The relationship between Canada and the United States is friendly for the most part. We share a common border. Official business is done in English for the most part in both countries. Until a couple years ago, you didn’t need a passport or Real ID to travel between the two countries. However, as will happen in friendships sometimes, one of the two becomes envious of something the other has, and they decide that they need that item themselves.
Canada felt that way about us. We had something called the Patriot Act which we could use as “legal” justification to violate the civil and/or constitutional rights of people or groups that the government deemed threatening, and Canada didn’t – until yesterday.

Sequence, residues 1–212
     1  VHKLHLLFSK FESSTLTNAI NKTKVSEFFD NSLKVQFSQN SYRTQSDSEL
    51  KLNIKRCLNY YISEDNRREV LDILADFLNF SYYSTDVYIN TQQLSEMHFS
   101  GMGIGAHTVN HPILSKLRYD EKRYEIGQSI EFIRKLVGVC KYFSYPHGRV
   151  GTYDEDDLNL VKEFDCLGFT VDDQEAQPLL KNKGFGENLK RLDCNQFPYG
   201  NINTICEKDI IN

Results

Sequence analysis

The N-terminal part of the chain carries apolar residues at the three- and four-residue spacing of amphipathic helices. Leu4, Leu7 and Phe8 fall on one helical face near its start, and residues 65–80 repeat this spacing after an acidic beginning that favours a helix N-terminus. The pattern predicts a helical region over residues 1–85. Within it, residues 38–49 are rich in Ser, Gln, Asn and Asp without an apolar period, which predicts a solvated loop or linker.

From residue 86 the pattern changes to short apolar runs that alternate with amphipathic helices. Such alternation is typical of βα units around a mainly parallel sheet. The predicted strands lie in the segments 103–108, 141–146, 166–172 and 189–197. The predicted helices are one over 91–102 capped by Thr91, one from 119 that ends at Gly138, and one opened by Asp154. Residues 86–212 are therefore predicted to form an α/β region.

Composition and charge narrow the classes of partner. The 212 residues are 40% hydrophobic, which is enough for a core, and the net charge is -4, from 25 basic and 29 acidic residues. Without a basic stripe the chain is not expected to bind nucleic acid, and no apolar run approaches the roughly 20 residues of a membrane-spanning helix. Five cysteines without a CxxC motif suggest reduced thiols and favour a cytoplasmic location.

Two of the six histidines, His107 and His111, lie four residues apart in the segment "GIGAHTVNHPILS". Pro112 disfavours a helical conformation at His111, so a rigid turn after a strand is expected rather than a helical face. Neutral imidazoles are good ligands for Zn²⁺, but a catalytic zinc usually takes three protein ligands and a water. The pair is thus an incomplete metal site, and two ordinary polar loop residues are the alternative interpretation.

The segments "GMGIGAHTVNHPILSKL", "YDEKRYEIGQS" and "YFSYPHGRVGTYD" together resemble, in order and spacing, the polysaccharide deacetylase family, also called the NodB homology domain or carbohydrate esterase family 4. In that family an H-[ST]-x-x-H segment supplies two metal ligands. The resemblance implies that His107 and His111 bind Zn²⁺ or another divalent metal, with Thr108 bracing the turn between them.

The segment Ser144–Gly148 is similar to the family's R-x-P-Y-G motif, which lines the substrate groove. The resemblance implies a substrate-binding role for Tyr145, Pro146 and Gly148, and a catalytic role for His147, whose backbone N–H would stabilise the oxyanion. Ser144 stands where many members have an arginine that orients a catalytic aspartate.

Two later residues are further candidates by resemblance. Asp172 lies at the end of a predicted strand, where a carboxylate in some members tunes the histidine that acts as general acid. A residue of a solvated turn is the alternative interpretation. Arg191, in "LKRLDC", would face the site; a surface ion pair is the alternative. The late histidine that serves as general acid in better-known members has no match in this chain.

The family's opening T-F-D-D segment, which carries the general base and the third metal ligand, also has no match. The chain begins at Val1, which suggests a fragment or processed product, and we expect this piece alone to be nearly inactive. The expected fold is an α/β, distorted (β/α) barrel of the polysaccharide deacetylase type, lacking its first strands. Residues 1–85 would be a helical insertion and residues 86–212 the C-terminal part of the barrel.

Yesterday, Steven Blaney, Canada’s Minister of Public Safety and Emergency Preparedness, and Peter MacKay, Minister of Justice and Attorney General of Canada, welcomed the royal assent of C-51, also known as the Anti-Terrorism Act, 2015.
We’ve written about C-51 before. In our previous article, we pointed out that among other things, C-51 allows a judge to impose up to a year of house arrest on someone who has neither been convicted nor charged with any crime, as well as require him/her to wear an electronic monitoring bracelet at all times. It also criminalizes the communication of statements advocating what the state deems to be terrorism. Continue reading